Architect, author, teacher and self-described visionary Sim Van der Ryn's latest book exists to steer architects away from sustainable thinking based on things like LEED (he embraces the Living Building Challenge over all other rating systems), which paint an incomplete picture of our role in the environment, so they can foster a more holistic view toward what he calls human-centered and nature-centered design. Empathy is the operative idea in his argument (it is a highly critical book), and it is something that needs to be increasingly taught to children and even students in architecture schools to enable a greater shift than what has transpired in the last decade-and-half. It is easy to see that curiosity and understanding toward other people and the environment we are part of is lacking, given the dismal nature of much of our cities and suburbs, and the carbon we expand at an ever-more-increasing rate into the atmosphere, dire predictions or not.

Van der Ryn tries to convince readers that a turn to the inner self is required to foster empathy and to make greater connections with nature. He does this through a memoir tracing some of his experiences since he moved with his family from the Netherlands to the United States before his fifth birthday. These experiences are recounted in the book's six short chapters, primarily Lifetime Learning Design. But it's the two chapters – Human-Centered Design and Nature-Centered Design – that offer the most potential. In these chapters Van der Ryn recounts some of the projects he undertook as an architect, educator, and even State Architect (to Governor Jerry Brown) in California, where he lives to this day. Through these projects and the research based around them, the reader gains an understanding of how empathy relates to design, how an architect can embrace how the outcome of a building can positively impact people and nature. Not everybody willing to change their inner self will have the same path as Sim Van der Ryn, but by sharing his story he's given them something enjoyable to read (and look at, with his watercolors that are sprinkled throughout the book) while they search for their own paths.

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Discovering Architecture

Discovering Architecture: How the World's Great Buildings Were Designed and Built by Philip Jodidio
Universe, 2013
Hardcover, 260 pages

In an average year Philip Jodidio seems to churn out about a dozen books, easily the most of any writer on architecture. With Taschen and other publishers he focuses on contemporary architecture (the Architecture Now! series, for example), but with this recent coffee table book for Universe he reaches all the way back to the year 537 in a presentation of 50 important masterpieces. Actually, only 19 of the 50 buildings come after the 19th century, and only two of the buildings (the Millau Viaduct by Norman Foster and the National Stadium in Beijing by Herzog & de Meuron) were completed this century. Jodidio moves from the Hagia Sophia and Chartres Cathedral to Angkor Wat, Ryoan-Ji, the Taj Mahal, and other historical treasures (UNESCO seems to be the most oft-used word in the book, after architecture), followed by the Eiffel Tower, the Glasgow School of Art, the Seagram Building, the Salk Institute, and other modern gems.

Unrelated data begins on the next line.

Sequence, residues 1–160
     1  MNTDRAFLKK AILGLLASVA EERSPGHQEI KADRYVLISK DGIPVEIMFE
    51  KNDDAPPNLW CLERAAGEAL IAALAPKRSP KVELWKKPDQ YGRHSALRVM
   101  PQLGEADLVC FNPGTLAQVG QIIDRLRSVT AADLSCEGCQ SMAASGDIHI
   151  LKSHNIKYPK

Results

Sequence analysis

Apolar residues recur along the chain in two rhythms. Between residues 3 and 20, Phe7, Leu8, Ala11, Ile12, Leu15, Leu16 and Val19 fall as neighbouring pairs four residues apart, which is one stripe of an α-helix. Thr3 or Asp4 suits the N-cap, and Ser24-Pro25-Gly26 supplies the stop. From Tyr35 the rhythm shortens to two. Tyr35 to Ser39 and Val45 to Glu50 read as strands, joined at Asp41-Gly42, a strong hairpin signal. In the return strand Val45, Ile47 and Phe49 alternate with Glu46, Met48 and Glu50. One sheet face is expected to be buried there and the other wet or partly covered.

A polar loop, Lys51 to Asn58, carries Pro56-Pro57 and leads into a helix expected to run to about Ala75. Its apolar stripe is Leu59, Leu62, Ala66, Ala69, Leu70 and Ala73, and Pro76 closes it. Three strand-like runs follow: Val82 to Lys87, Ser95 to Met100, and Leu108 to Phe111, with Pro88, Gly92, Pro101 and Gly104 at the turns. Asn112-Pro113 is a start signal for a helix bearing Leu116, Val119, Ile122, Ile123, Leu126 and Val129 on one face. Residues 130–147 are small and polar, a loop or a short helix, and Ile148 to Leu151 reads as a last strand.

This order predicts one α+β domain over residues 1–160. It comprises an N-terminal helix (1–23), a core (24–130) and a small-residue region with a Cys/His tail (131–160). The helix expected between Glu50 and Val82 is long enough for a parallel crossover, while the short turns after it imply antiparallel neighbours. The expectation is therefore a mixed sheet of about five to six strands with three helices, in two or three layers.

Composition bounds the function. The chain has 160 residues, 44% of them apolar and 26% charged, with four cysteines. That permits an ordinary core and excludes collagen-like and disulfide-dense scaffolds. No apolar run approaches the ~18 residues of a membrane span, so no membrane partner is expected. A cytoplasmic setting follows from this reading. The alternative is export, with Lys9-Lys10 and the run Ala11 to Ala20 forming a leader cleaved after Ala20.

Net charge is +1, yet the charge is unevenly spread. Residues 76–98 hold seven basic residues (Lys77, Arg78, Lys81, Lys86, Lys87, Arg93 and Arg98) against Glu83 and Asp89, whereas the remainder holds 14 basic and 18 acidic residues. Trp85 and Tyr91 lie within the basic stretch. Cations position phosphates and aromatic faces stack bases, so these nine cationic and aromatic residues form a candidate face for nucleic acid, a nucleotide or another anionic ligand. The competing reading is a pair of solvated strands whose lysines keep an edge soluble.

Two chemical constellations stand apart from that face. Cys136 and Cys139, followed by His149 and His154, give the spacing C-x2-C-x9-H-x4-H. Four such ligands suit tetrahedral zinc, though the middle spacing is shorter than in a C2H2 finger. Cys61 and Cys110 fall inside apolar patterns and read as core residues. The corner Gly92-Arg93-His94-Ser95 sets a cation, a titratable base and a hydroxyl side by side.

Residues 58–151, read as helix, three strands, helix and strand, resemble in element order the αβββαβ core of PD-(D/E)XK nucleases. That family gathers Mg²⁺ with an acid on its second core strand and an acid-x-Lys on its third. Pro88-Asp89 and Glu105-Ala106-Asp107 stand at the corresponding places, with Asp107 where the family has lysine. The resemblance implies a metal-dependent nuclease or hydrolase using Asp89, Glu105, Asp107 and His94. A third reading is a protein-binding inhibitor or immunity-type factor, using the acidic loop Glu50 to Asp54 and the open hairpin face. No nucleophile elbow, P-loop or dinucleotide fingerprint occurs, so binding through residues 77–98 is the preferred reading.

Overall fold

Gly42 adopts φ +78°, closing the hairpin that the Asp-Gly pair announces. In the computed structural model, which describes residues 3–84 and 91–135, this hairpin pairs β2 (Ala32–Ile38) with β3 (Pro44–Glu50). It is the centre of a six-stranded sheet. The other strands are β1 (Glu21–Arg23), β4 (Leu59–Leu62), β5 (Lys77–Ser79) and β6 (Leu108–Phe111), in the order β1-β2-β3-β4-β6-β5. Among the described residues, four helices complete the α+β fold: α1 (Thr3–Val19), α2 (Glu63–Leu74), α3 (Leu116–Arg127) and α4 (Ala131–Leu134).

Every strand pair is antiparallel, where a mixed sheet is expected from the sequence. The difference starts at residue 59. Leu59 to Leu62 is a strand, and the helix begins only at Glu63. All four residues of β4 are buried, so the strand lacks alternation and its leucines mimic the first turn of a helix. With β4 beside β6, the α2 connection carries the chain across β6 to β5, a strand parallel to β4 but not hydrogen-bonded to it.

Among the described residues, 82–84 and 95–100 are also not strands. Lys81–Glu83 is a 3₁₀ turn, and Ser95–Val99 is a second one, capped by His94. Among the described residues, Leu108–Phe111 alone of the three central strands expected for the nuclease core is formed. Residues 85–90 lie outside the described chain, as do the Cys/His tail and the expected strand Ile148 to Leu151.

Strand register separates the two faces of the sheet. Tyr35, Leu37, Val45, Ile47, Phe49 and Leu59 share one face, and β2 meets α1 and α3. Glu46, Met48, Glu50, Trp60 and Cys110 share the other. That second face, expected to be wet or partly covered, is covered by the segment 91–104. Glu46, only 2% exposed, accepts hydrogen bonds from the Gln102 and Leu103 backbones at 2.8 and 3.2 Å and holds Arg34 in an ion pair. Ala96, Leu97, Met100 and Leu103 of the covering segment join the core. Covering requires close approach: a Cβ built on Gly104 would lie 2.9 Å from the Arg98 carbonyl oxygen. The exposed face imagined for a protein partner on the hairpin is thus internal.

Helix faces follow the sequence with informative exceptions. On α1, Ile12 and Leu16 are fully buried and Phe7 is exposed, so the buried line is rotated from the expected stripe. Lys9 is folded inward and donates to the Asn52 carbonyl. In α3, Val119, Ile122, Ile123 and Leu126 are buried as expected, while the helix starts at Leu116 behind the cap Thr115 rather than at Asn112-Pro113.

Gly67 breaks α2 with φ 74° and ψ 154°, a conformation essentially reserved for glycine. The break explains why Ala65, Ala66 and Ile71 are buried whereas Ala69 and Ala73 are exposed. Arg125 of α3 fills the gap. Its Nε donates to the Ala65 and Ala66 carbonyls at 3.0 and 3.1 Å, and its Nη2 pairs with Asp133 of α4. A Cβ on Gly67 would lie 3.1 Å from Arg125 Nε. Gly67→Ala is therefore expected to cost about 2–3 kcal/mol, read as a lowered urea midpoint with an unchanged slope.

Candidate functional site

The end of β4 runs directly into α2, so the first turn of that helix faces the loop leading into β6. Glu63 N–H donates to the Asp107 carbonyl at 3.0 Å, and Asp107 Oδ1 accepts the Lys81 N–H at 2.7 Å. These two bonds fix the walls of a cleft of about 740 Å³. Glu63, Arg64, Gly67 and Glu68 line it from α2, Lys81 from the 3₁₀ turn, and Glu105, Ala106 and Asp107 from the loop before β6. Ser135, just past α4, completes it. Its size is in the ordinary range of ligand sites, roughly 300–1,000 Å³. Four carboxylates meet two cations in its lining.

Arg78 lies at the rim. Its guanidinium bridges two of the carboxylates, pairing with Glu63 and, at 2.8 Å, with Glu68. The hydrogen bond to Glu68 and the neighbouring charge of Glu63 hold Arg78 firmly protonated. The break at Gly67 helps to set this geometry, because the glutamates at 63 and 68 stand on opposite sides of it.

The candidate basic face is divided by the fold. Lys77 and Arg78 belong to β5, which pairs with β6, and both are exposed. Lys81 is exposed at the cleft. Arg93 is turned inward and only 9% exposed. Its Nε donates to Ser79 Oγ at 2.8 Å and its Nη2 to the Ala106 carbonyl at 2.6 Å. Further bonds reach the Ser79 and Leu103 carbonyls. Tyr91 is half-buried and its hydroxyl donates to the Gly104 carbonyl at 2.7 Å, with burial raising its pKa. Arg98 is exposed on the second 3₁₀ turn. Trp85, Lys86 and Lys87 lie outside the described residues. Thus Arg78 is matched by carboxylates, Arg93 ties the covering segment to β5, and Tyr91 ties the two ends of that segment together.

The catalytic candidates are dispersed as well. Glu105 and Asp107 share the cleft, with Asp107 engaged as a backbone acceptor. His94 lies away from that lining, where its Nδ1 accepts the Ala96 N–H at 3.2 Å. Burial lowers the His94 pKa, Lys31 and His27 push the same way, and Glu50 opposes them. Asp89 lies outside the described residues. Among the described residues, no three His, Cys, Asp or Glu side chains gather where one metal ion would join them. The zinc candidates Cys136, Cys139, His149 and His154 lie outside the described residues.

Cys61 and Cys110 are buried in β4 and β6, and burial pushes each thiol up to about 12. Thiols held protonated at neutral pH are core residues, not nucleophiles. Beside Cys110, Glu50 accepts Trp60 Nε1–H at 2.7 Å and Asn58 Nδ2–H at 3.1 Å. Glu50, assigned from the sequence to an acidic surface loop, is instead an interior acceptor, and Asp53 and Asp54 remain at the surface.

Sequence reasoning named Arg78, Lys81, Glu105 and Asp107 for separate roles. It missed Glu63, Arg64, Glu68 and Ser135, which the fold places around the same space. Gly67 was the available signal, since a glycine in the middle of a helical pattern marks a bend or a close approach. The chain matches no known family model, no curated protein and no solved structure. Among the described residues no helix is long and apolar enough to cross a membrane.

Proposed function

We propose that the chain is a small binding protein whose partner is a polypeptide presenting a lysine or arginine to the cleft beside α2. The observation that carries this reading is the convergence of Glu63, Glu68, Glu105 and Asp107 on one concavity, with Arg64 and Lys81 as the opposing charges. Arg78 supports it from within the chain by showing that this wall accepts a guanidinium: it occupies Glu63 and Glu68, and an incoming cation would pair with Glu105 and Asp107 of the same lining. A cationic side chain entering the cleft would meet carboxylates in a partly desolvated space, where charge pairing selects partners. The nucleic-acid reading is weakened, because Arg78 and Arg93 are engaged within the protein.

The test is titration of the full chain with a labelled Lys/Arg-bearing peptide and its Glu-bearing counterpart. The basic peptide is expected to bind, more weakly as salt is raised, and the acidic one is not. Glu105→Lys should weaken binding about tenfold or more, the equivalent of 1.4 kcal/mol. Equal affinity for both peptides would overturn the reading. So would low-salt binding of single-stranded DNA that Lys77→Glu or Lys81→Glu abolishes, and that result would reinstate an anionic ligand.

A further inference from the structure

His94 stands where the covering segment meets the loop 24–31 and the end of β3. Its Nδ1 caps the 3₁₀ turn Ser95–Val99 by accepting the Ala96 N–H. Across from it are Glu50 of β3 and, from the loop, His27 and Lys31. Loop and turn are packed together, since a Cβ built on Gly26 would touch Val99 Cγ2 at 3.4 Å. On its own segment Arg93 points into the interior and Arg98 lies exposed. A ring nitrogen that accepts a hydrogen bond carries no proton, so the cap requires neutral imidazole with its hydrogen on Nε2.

The selection parallels other general interest titles on architecture (immediately it recalls a Time magazine special issue, Great Buildings of the World), but what it lacks in the originality of the selection it makes up for in the cleverness of the presentation: Each building is documented with a full-page photograph that is explained through a die-cut page with captions (by Elizabeth Dowling) corresponding to each window onto the photo below it. The cover gives some indication of how this works, but imagine that the area around the small white rectangles is gray, so the photo is not fully revealed until one turns the page. It's an inventive way of teaching laypeople and students about architecture, but it's also a means of educating them about how to "read" architecture through photographs, the preferred means of presenting buildings these days. And it's a good deal of fun, as there's a good amount of surprise in store at each turn of the page.

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How Architecture Works

How Architecture Works: A Humanist's Toolkit by Witold Rybczynski
Farrar, Straus and Giroux, 2013
Hardcover, 368 pages

A sketch by Louis I. Kahn of the Kimbell Art Museum in Fort Worth, Texas, graces the cover of Witold Rybczynski's 18th book—a number I knew was high but hadn't nailed down until reading an interview at Designers & Books. It is a telling image, for it straddles tradition and modernity, something that Rybczynski does throughout the book, eventually asserting his appreciation for a variety of design approaches. It's hard to think that Kahn was shunned by many modernists for bringing mass and echoes of traditional forms into his architecture in the 1950s and 60s. The Kimbell's vaults recall Roman buildings, yet the strip of light at their apex, and the gap between the concrete structure and the infill walls, subtly signals modern construction underlying the whole thing. Very few architects have been able to achieve such a unique synthesis of the modern and the past, so it's fitting that Kahn's sketch signals "how architecture works."